Rob Shapiro at Washington Monthly games out an interesting, if not oddly specific scenario for November: Biden wins, and Trump agrees to go quietly only under a full pardon, or he'll tell his followers to start up that Second Civil War.
Let’s start with what we know about the president’s core message. We know that his website offers no new proposals for his second term on taxes, healthcare, energy, agriculture, education, or even on how to beat the pandemic. When the pandemic, and his mismanagement of it, drove down jobs and growth, his message has shifted to the claims that widespread mail-in voting is part of a rigged election, and the only way he can lose is through mail-in ballot fraud. This new message has become as central to his 2020 campaign as anti-immigration was in 2016.
Trump’s attacks on the electoral process this year started with the suggestion that the election should be delayed, because widespread mail-in balloting based on the pandemic, as he put it, would be a “catastrophic disaster” leading to fraudulent results. Perhaps he thought he could delay the election until a time when he could point to the pandemic receding. Alas for that plan, Republican leaders from Mitch McConnell down rejected the trial balloon out-of-hand. Even so, the controversy generated wide publicity for his claim that a fair election would be impossible with largescale mail-in voting.
To be clear, that claim has no basis in fact. As the Brennan Center for Justice reported recently, extensive research shows that mail-in ballot fraud is very rare; and a National Academy of Sciences study found that universal mail-in voting has no discernible effect on each party’s share of the turnout or the election’s results. But for Trump’s strategy, the salient fact is that Democrats are much more likely than Republicans to vote by mail, by a margin of 72 percent to 22 percent, according to a recent Monmouth University survey.
The current centerpiece of Trump’s attacks on mail-in voting is his public push to block funding for the U.S. Postal Service and enact new policies that will delay deliveries of mail-in ballots to state election officials.
By normal political standards, this war on mail delivery is remarkable on several counts. First, 91 percent of Americans view the USPS favorably for its prompt reliable delivery of their mail. Second, his high-profile attacks have given Democrats a strong incentive to organize their voters to request and mail-in their ballots early. Finally, instead of declaring war, his newly installed postmaster general, Louis DeJoy, could have found discrete and hard-to-trace ways to weaken the USPS’s capacity to deliver tens of millions of mail-in ballots on time.
DeJoy may be taking such steps anyway. He announced this week that he would suspend the policy changes until after the election. Whether he really is or not, the headline-grabbing dispute has further publicized and reinforced the president’s core message that any election with high levels of mail-in balloting is rigged.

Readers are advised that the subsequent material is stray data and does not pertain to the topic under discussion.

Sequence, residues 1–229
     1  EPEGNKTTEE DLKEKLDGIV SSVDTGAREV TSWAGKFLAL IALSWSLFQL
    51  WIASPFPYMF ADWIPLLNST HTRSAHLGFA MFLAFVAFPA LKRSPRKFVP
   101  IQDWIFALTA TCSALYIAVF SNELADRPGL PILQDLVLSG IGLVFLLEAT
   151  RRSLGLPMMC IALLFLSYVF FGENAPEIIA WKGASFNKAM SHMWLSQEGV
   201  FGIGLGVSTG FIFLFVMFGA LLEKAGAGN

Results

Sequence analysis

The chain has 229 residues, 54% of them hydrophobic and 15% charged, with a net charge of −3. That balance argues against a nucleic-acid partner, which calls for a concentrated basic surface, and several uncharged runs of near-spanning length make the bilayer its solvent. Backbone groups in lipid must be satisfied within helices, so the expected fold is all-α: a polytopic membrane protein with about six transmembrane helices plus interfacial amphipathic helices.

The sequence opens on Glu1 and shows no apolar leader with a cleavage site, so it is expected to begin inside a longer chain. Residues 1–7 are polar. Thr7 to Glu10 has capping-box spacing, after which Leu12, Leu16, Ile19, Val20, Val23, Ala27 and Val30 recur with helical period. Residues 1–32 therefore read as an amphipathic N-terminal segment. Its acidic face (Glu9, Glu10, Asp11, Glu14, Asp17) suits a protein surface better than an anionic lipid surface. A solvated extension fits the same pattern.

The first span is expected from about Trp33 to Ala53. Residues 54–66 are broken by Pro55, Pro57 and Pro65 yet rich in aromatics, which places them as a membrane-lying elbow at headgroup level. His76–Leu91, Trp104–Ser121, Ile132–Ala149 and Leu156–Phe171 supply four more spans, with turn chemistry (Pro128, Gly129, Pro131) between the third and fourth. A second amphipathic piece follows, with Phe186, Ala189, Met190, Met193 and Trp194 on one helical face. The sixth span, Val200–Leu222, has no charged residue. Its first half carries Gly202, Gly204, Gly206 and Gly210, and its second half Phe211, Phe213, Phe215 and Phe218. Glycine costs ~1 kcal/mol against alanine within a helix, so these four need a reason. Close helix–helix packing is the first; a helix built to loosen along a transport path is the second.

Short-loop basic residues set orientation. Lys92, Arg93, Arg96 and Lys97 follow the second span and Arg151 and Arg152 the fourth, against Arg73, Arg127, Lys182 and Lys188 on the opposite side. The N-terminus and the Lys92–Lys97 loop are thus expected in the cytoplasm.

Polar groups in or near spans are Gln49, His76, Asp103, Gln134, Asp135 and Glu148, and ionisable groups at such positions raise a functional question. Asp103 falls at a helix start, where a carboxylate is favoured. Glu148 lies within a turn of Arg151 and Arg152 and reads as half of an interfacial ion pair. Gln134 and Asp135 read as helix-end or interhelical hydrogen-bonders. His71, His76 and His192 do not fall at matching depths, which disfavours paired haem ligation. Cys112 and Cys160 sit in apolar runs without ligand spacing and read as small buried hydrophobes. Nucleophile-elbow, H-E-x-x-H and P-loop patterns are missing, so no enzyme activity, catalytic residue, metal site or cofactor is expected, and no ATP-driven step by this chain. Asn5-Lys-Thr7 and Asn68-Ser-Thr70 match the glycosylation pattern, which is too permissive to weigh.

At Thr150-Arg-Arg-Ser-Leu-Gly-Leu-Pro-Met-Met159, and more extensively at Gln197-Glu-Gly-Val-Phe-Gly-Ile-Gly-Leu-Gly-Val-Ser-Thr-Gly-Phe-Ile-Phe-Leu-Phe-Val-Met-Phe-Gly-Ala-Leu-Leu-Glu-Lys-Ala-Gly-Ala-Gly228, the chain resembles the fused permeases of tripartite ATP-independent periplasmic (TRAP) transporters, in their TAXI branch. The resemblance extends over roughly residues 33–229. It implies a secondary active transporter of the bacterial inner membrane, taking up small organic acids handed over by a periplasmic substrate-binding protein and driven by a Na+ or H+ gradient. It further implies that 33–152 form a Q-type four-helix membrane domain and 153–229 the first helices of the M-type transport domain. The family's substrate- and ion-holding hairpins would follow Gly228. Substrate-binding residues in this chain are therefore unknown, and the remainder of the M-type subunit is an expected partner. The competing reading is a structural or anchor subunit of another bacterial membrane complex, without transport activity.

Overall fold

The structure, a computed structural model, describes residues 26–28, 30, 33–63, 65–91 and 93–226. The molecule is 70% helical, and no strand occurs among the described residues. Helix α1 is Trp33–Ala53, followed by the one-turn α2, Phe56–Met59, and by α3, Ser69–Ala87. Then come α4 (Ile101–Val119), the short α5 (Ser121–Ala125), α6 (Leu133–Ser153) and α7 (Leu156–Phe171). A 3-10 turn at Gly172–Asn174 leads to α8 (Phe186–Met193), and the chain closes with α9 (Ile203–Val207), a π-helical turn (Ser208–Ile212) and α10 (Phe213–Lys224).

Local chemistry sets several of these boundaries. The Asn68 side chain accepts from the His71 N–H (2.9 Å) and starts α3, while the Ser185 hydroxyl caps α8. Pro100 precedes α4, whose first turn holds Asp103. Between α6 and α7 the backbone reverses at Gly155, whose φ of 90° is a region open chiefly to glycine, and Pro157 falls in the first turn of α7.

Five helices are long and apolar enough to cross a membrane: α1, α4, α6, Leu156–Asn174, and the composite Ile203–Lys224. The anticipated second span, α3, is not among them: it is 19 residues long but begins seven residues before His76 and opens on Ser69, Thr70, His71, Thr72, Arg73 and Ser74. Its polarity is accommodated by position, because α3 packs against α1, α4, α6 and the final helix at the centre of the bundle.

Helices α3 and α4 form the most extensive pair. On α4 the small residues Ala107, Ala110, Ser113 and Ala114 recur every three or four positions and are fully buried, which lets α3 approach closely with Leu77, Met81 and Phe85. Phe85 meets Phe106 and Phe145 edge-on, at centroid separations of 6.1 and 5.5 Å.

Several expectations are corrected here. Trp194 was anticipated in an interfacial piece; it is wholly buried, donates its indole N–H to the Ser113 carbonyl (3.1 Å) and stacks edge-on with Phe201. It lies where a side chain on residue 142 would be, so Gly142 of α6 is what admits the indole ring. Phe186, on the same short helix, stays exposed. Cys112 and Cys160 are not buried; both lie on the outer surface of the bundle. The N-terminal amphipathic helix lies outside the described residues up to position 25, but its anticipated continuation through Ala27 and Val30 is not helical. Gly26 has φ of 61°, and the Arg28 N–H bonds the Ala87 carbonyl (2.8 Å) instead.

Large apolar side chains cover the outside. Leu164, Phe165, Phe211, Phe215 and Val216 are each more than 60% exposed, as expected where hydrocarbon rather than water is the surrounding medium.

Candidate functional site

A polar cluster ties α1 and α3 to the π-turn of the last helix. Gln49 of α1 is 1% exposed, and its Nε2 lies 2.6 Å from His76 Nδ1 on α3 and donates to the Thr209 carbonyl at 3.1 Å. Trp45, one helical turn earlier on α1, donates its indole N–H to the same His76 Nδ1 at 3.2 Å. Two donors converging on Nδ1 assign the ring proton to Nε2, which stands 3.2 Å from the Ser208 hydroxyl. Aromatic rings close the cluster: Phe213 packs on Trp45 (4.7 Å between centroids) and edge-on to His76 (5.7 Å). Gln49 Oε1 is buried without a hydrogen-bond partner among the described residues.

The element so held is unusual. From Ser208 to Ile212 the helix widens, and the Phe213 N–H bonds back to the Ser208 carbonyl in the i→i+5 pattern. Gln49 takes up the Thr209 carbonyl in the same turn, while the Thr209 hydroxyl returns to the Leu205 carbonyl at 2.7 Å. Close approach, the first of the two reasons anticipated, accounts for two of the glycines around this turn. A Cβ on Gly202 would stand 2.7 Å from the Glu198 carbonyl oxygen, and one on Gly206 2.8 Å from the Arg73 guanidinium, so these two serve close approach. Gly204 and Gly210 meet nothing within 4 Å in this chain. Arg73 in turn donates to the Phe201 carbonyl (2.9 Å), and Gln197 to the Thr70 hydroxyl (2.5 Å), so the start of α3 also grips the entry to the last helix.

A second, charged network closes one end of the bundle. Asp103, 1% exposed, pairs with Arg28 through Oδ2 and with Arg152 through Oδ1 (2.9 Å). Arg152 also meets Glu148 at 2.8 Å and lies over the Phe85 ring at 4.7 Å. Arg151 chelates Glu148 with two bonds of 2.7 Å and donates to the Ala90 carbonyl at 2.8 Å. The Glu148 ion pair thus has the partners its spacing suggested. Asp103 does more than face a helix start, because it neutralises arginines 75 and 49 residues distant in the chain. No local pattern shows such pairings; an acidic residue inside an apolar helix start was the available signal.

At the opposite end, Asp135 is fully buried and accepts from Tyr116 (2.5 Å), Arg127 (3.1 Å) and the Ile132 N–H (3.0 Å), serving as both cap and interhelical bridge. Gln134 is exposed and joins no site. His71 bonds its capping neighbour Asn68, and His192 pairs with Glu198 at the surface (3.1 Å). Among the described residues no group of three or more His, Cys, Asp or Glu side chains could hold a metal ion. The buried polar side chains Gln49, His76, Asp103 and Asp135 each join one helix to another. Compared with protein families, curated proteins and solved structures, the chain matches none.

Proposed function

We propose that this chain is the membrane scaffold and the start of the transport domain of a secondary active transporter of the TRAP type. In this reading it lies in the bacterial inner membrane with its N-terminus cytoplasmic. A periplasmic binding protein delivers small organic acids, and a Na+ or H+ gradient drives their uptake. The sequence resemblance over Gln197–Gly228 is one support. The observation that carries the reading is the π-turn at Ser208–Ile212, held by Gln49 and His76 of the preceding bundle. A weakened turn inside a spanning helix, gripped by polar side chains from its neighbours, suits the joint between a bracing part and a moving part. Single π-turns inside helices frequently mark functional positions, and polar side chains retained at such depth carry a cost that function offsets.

The third piece of this messaging addresses what Trump may do about a rigged election.: By his own statements, Trump may not accept the election result if he loses—and implicitly, neither should his supporters. He made the same threat in 2016, near the close of his third debate with Hillary Clinton. But if Trump had lost in 2016, whatever he said about it would have had little if any consequences. The threat has different implications this time, because now he is the president.
For example, if loses narrowly, he could direct his attorney general to sue to overturn the results in a few states, based on the Justice Department’s findings of mail-in ballot fraud. We do not know what would happen next. Americans typically see a narrow loss as a loss, however, and while Trump’s messaging has prepared his more fervent supporters to protest such an outcome, that type of public pressure usually does not affect judges.
We also cannot know what Trump will do if he loses badly. Based on game theory, he does have one course left that might take the sting out of his defeat: After spending months preparing his supporters for the prospect that Democrats will steal the presidency, Trump’s representatives could tell Biden’s camp that unless the president-elect agrees to some concessions, the sitting president will publicly reject the results as a fraud and call on his followers to take mass action in the streets.
In Trump’s view, this could be his ultimate deal. He agrees to accept the election results and retire peacefully, but only if Biden and Democratic congressional leaders agree to shelve future investigations and forgo federal prosecutions of him and his family and associates—and call on state prosecutors and attorneys general to do the same.
It's plausible, the problem with this is Biden already pledged not to pardon Trump back in May.The second problem is Trump will do this anyway if he loses. Remember, it's not if Trump will spend the rest of his life in a New York penitentiary, it's when his sentencing starts after his convictions on tax fraud and racketeering.
Trump will do absolutely anything to avoid prison. He knows he will die there. Keep that in mind as you go forward in 2020.